Apparently Saverin filed to give up his US citizenship in January of 2011, but the news didn’t surface until the federal government released the information in a routine report. Saverin may be barred from re-entering the US if authorities decide he left the country for tax reasons because you don’t want a super-rich guy coming into your country and buying things! That will show him.
Singapore doesn’t have a capital gains tax. It does tax income earned in that nation, as well as “certain foreign- sourced income.” Saverin won’t escape all US taxes because Americans who give up their citizenship owe what is effectively an exit tax on the capital gains from stock holdings.
Saverin maintains that his renunciation of American citizenship, which actually took place last September, wasn’t a ploy to skip out on American taxes, but rather an attempt to free himself from FATCA, which he described as a burdensome restrictions on American investors abroad. US citizens are severely restricted as to what they can invest in and where they can maintain accounts. Many foreign funds and banks won’t accept Americans so it was for financial reasons and not tax related.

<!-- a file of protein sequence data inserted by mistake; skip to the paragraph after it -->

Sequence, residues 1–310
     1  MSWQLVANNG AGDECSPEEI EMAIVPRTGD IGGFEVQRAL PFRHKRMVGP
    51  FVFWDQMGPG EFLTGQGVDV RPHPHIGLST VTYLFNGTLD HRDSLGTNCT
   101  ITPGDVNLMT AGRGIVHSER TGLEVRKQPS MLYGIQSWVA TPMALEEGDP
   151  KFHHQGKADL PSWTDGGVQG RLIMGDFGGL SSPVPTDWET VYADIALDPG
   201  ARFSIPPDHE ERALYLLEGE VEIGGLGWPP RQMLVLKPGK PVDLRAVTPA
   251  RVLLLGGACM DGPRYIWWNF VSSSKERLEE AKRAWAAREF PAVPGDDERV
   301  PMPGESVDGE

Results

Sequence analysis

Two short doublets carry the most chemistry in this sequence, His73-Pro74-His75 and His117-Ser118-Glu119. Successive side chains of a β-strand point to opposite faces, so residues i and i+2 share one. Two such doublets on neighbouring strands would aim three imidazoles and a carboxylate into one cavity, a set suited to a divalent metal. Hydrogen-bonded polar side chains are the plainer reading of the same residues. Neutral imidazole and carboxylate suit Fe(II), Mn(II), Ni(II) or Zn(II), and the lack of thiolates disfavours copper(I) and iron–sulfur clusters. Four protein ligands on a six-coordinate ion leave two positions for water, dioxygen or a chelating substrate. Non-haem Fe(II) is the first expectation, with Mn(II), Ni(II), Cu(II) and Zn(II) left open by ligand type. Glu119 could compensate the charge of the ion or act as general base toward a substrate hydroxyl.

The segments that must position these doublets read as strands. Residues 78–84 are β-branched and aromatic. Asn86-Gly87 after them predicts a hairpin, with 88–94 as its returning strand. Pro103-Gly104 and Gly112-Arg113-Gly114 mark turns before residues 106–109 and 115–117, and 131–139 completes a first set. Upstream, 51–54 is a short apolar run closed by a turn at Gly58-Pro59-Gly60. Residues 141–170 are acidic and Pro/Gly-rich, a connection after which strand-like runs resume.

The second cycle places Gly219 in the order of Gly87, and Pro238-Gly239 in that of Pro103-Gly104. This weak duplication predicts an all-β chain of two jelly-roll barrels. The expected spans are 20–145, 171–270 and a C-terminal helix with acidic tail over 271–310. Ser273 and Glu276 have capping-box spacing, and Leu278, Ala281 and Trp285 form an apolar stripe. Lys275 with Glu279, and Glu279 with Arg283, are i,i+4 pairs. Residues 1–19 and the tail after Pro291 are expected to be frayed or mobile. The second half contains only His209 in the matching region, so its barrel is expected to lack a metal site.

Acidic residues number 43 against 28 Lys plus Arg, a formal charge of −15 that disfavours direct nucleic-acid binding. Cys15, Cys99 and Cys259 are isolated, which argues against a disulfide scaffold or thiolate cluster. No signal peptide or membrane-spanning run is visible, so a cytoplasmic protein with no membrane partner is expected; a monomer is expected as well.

It’s true that FATCA is making life more difficult for US persons, including the IRS’ global reach (many countries tax based on residency); foreign bank account reporting rules; and FATCA. As a result of all the regulations, some foreign banks are dumping more U.S. customers.
Saverin is hardly the only one taking this particular route to big tax savings. The number of those renouncing US citizenship stands at around 1,800 last year.
While I cannot see the US government pulling back on FATCA I think they need to look again at what they are trying to accomplish and how they plan on getting there before all their high-income earners not in the US disappear from the radar within 5-10 years of FATCA being in force. So the tax pool will grow, then diminish and the IRS will be looking for newer ways to increase tax revenues.